By Raphael Tenthani, BBC News
Blantyre, Malawi — The good times have ceased to roll for tobacco, Malawi’s chief foreign exchange earner.
Faced by a growing anti-smoking lobby, growers are finding it increasingly difficult to make profits because of rocketing costs and dwindling auction floor prices.
Faced with this reality, agricultural experts are advising alternative crops, such as the increasingly popular spice, paprika.
But the government is now exploring uncharted waters by looking at the legalisation of Indian hemp, despite police wanings of potential abuse by cannabis growers.
Indian hemp is part of the same family as cannabis, and is indistinguishable in appearance from its hallucinogenic relatives.
“Indian hemp has other important uses that can earn this country a lot of foreign exchange.”
– Joe Manduwa
Deputy Minister of Agriculture Joe Manduwa surprised MPs when he stood up in parliament recently to champion Indian hemp’s legalisation.
Mr. Manduwa, a member of the ruling United Democratic Front (UDF), told MPS that Malawi stood to gain a great deal from cultivating the plant, which he said was a much-sought-after commodity on the world market.
And he told the BBC he believed the plant could be a valuable alternative to tobacco.
“Indian hemp has other important uses that can earn this country a lot of foreign exchange, as happens in other countries that have already taken strides in this direction,” he said.
He said, for instance, that more than 200 companies around the world are scouting for suppliers of the plant, whose fibres are used to manufacture a wide-range of items like textiles, ropes, paper and comestics.
He observed that while many of Malawi’s cash crops, including tobacco and cotton, need a lot of chemicals and insecticides to treat, whereas Indian hemp can grow with very little care and requires no insecticides at all.
But his call comes amid police reports that a lot of Malawians are abusing the cannabis drug.
Police spokesman Oliver Soko said the hallucinogenic variant, which is cheap to grow, is a major contributor to people entering the country’s psychiatric hospitals.
But the deputy minister, who is an accomplished farmer himself, was unfazed, saying the end justified the means.
“We are here talking about a non-narcotic herb on which you can’t get high even if you smoke it,” he said.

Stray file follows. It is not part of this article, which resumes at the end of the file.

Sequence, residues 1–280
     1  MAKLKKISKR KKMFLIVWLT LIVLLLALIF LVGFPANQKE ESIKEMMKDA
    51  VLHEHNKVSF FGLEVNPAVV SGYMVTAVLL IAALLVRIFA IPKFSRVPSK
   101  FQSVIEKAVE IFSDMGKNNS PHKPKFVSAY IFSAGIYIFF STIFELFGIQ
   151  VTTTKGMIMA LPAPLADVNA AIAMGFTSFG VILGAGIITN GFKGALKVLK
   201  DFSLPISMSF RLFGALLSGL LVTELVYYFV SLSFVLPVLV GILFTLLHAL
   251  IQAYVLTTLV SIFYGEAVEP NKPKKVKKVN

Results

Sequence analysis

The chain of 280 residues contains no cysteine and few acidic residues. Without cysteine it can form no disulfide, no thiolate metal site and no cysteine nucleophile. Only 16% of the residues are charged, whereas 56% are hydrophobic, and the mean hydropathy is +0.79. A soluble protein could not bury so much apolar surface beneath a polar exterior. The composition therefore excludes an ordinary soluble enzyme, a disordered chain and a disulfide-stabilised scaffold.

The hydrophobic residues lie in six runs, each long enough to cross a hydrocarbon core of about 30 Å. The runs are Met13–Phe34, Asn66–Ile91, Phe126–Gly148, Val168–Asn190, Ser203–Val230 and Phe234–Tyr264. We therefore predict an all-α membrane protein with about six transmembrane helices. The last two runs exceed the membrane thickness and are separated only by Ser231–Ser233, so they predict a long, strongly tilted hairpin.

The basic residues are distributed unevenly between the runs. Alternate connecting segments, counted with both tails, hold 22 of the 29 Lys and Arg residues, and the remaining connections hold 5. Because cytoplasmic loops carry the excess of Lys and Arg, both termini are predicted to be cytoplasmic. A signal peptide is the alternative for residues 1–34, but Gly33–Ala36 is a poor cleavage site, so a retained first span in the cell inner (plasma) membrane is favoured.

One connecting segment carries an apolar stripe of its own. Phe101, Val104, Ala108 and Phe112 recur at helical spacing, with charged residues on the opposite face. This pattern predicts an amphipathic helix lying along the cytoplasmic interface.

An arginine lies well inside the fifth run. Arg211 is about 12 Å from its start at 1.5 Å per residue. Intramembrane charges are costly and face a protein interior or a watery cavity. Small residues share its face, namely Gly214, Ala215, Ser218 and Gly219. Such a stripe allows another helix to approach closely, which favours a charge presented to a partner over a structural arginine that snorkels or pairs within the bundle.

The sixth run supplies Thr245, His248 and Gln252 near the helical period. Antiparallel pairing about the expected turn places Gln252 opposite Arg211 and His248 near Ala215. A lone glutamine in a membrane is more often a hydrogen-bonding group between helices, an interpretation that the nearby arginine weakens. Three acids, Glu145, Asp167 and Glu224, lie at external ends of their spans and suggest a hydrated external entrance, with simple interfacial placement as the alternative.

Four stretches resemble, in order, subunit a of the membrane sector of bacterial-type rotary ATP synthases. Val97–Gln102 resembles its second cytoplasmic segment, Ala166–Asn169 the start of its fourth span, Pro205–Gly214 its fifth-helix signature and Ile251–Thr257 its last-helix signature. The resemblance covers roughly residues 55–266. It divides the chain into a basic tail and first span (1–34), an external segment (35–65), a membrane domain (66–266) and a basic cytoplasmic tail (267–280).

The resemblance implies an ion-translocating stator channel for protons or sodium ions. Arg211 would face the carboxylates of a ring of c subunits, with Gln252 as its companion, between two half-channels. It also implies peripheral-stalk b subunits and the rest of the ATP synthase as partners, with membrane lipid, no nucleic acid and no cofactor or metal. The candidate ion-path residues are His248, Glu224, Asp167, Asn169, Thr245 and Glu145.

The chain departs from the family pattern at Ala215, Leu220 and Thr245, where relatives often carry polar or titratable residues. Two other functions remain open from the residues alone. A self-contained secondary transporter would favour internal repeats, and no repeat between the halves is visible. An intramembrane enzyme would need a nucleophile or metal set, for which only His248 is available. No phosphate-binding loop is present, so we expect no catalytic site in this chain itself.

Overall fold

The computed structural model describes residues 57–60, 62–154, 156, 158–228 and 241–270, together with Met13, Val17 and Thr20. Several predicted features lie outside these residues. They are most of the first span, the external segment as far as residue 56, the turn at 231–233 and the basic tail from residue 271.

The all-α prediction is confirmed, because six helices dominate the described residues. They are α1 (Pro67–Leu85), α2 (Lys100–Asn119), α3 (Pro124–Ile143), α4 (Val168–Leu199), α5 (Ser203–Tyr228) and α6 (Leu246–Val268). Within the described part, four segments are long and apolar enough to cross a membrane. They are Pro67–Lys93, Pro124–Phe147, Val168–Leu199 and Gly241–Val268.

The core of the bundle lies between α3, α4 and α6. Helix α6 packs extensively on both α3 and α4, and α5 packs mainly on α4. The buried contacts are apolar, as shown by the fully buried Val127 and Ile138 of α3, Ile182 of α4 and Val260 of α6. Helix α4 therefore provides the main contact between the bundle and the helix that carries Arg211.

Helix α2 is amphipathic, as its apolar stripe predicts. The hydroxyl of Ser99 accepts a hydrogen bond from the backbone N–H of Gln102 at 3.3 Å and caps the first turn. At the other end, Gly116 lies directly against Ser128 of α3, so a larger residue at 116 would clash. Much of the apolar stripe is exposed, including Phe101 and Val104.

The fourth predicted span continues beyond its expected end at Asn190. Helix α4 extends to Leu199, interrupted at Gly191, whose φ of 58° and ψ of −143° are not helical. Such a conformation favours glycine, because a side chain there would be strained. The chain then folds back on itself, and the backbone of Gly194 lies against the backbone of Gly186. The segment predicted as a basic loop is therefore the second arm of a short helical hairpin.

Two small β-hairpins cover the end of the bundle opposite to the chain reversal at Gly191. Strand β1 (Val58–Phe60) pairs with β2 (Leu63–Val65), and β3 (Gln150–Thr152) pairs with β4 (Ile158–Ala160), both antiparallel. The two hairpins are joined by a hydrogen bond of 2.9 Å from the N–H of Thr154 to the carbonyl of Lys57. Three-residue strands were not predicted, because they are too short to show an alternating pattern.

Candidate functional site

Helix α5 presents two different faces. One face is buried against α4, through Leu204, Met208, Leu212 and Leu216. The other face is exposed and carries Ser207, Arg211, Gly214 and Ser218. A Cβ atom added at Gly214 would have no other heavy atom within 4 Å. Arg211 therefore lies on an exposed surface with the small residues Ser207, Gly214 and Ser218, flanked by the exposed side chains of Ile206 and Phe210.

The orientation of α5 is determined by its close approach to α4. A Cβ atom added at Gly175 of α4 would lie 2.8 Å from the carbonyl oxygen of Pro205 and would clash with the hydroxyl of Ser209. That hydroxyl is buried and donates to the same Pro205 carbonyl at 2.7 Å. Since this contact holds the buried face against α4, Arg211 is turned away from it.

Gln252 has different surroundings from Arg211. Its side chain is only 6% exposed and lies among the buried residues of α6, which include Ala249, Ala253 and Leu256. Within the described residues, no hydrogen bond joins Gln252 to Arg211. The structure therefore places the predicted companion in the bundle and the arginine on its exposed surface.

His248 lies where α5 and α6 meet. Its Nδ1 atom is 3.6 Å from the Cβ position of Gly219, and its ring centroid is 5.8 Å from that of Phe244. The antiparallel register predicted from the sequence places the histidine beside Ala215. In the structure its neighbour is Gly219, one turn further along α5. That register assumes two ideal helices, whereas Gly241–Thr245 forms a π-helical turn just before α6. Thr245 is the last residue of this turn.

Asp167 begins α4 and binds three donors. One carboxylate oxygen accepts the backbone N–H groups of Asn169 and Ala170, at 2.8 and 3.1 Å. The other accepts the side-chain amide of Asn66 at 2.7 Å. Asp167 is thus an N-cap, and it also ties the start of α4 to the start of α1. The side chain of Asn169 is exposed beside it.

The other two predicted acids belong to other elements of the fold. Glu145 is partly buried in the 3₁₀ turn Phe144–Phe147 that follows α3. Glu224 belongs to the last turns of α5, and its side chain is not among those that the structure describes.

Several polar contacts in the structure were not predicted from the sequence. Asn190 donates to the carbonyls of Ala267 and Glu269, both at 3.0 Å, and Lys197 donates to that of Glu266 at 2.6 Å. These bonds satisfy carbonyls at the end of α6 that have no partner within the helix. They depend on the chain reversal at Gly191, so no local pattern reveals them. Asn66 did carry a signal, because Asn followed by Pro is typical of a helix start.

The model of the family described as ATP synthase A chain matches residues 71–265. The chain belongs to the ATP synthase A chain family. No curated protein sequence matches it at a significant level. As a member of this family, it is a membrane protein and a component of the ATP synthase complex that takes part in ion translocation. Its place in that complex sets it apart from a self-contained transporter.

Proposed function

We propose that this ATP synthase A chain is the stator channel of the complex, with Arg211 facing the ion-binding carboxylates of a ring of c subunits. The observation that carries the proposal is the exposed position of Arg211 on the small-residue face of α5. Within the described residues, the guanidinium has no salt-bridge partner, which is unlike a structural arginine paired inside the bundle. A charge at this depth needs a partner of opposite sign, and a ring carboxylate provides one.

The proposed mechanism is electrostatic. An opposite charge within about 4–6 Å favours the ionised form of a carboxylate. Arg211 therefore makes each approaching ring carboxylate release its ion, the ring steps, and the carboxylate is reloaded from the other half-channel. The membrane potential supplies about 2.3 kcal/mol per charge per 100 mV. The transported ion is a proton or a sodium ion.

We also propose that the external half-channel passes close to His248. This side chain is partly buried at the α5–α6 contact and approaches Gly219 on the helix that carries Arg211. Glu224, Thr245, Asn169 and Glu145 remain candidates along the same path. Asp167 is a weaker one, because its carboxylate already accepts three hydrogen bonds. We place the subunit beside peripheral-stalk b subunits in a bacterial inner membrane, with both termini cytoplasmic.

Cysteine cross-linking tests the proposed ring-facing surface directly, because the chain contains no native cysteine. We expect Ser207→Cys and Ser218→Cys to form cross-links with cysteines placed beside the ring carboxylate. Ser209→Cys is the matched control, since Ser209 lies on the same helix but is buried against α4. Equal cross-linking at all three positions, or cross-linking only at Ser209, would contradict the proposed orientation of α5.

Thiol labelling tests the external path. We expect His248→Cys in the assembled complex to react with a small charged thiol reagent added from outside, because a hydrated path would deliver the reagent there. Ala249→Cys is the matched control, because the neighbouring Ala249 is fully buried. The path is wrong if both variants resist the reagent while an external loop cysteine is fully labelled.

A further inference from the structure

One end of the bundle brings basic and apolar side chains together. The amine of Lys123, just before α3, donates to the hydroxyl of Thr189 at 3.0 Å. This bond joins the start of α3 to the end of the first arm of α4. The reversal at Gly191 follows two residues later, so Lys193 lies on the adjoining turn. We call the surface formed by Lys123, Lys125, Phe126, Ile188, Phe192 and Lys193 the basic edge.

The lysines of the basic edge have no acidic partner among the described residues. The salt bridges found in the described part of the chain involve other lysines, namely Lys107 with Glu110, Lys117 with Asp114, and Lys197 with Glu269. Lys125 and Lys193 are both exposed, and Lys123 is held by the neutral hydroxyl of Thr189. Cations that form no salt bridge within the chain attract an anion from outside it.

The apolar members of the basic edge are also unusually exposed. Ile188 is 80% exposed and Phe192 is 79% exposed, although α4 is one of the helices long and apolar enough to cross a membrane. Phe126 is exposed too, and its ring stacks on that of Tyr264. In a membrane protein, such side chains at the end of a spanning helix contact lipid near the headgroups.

However, social workers Hastings Maloya said Malawi lacked the means to guard against abuse.
Even if the deputy minister says he advocates the non-narcotic brand, how sure is he that growers won’t throw in the “hot stuff”, Mr. Maloya asks.
The problem is that Indian hemp’s narcotic relative, also known to users as Malawi gold, is so popular that since the beginning of this year three tourists – two Britons and a Dutch national – have been arrested trying to smuggle it into Europe.
Police spokesman Oliver Soko said legalising the cultivation of Indian hemp would be a nightmare for the police service since it would be difficult to draw a line on whether people are abusing it or not.
Opposition MP Heatherwick Ntaba, of the Malawi Congress Party (MCP), backed the call for legalisation.
“There are so many things that are produced from Indian hemp,” he said.
Mr. Ntaba, himself a medical doctor, also mentioned the medicinal value in taking Indian hemp, adding hastily that any behavioural problems could be controlled if proper mechanisms are put in place.
Mr. Manduwa said the Malawi Government should take a lead from the South African Government which, he claimed, was relaxing its laws on hemp cultivation.
According to South Africa’s Farmer’s Weekly magazine, the Eastern Cape province has come up with a scheme called “Rope Not Dope” where millions of rands have been invested to explore the commercial use of the plant.
The magazine says thousands of jobs will be generated following this scheme.
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